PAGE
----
So Bernstein and Montal have joined forces to become a vital conduit between all the official public health language and the hearts and minds of their neighbors. The duo helped initiate a large printed infographic, which is hot off the presses. There are four versions in English, Spanish, Haitian Creole, and Yiddish. Montal says it’s carefully worded.
“People have had PTSD with the word vaccination,” Montal explains. “So we’re immunizing, we’re not vaccinating. And that’s the messaging.”
The two women work with trusted community leaders, like rabbis and pastors, to get the word out. And they’ve asked the CDC for a letter they can show these leaders that supports them in that effort.
“My dream is that after this,” says Bernstein, “the CDC will actually have like a game plan of, ‘Okay, we’re using Rockland County as our model. And now we’re going to repeat that model across the country.'”
The Rockland County Department of Health has organized a variety of polio-only immunization clinics in different locations once or twice a week. Montal says, “We have to bring the immunizations to the people. We can’t expect the people to come to us.”
To that end, last Wednesday afternoon in Spring Valley, at a polio immunization clinic, a total of about 15 people stopped by over a couple hours. Brian Hastings drove two hours from Long Island for a shot. Dolores Thaxton, who’s 89 years old, was never vaccinated for polio and decided to roll up her sleeve.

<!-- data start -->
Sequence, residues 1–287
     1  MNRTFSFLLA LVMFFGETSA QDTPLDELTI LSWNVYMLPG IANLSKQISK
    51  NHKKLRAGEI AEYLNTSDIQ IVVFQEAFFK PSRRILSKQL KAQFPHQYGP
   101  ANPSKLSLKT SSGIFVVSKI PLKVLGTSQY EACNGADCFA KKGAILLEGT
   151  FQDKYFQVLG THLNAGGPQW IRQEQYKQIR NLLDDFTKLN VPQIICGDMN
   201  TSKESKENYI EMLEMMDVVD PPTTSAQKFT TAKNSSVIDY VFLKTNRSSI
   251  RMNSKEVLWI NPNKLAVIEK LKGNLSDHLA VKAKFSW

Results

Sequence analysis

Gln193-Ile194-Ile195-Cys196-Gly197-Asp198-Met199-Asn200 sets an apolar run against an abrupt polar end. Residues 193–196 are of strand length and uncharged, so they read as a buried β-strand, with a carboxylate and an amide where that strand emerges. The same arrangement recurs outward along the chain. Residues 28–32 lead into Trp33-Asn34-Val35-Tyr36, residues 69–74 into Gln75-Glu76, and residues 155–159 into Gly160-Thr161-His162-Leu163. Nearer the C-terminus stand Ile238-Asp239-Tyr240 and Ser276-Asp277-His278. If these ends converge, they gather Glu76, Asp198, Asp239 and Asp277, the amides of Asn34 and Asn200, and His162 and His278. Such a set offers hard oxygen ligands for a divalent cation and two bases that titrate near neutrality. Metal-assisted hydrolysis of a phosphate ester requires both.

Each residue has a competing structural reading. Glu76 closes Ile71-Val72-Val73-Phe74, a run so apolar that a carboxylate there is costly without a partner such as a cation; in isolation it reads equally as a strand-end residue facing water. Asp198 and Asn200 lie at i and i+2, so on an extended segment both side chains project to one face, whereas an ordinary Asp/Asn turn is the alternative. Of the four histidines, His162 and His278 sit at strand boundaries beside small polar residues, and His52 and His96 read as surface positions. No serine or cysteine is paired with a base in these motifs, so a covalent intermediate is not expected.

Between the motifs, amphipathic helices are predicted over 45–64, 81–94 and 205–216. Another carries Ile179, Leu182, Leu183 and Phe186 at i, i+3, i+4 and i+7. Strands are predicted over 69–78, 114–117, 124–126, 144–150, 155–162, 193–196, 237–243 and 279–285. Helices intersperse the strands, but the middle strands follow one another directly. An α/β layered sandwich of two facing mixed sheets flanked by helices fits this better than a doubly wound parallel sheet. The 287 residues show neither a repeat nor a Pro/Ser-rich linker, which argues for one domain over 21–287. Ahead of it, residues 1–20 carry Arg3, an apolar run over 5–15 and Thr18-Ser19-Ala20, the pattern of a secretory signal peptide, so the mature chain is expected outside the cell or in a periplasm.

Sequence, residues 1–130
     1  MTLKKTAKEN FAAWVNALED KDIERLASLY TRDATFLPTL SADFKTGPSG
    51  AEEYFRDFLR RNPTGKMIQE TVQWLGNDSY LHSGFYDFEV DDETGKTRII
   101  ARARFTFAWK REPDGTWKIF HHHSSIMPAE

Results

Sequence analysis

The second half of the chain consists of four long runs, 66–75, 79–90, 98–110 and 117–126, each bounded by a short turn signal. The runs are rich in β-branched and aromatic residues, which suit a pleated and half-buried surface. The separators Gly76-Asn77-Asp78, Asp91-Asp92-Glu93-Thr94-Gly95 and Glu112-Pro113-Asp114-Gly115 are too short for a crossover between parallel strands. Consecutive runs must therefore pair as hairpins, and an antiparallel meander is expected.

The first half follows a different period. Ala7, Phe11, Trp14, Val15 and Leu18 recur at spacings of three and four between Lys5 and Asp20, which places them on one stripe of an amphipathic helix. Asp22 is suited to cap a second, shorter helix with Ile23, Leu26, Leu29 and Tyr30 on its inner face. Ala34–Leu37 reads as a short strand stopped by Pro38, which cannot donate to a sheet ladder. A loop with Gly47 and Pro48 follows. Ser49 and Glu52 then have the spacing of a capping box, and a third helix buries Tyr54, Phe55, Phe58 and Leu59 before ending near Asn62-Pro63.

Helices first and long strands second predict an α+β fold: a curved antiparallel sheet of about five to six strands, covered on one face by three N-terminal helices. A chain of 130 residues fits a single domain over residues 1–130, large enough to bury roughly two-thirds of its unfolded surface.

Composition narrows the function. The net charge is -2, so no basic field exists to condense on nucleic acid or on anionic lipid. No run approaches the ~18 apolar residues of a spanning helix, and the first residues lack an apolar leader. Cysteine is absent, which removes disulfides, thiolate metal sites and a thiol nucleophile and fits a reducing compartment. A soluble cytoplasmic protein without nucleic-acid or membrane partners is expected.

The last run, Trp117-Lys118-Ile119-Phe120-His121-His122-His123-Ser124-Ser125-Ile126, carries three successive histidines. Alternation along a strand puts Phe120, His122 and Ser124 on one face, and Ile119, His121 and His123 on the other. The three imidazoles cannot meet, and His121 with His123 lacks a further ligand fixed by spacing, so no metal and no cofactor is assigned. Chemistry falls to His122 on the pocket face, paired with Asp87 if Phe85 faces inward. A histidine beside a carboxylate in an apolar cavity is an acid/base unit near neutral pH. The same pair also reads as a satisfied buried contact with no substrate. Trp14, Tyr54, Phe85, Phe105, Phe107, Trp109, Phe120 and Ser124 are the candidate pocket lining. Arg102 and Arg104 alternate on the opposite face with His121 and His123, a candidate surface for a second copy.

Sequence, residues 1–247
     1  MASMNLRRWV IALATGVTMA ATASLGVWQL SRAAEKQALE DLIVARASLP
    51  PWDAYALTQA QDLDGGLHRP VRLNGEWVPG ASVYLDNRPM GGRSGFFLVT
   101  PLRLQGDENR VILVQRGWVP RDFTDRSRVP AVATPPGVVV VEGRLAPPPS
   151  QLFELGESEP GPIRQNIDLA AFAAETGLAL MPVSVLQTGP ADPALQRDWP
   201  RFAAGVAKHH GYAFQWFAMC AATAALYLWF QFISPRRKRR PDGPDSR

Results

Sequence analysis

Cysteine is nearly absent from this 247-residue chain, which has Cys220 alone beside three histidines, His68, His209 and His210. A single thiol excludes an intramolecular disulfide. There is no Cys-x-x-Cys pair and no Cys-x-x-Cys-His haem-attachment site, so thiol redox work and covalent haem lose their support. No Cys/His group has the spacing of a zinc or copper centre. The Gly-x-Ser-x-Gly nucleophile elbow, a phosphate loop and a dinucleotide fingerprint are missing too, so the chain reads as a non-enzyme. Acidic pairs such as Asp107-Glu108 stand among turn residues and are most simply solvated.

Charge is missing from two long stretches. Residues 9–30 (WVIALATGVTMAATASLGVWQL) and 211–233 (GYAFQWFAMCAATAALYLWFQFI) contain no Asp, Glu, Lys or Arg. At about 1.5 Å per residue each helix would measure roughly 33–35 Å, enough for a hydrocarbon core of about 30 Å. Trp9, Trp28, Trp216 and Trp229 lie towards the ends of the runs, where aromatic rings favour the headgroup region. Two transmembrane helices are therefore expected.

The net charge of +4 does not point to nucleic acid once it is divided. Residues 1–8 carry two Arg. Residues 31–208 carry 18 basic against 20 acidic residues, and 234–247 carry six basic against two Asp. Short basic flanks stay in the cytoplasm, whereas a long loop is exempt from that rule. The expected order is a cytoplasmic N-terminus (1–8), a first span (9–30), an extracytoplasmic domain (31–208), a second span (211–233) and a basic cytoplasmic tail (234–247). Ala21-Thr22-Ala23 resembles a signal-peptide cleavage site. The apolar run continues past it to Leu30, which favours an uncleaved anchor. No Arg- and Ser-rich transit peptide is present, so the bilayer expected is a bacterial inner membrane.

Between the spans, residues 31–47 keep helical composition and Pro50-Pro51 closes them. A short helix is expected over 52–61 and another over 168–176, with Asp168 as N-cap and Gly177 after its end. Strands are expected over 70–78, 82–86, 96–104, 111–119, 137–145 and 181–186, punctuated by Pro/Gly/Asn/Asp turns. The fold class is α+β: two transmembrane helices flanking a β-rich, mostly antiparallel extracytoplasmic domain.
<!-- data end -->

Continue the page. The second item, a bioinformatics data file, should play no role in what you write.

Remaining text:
This kind of outreach is a long-term effort, that may slowly pay off. Abigail Guerrero, a young mother from Ecuador who speaks very little English, came to the clinic for something else but saw the large infographic in Spanish taped up — the one that Bernstein and Montal helped make. This sign was her first encounter with the polio outbreak in her community and after reading it and learning about the disease, she decided to get immunized.
Back in Orange County, Commissioner of Health Dr. Irina Gelman says she’s a sound sleeper, because she doesn’t get much of it. She’s up at 3:30 every morning. The drumbeat of disease hasn’t let up since she began her job four years ago.
“We started with the measles outbreak,” she says. “And we’ve gradually progressed into COVID 19. And simultaneously, we are now dealing with monkeypox. And with now polio. It was officially eradicated, yes. It does pose a tremendous amount of concern.”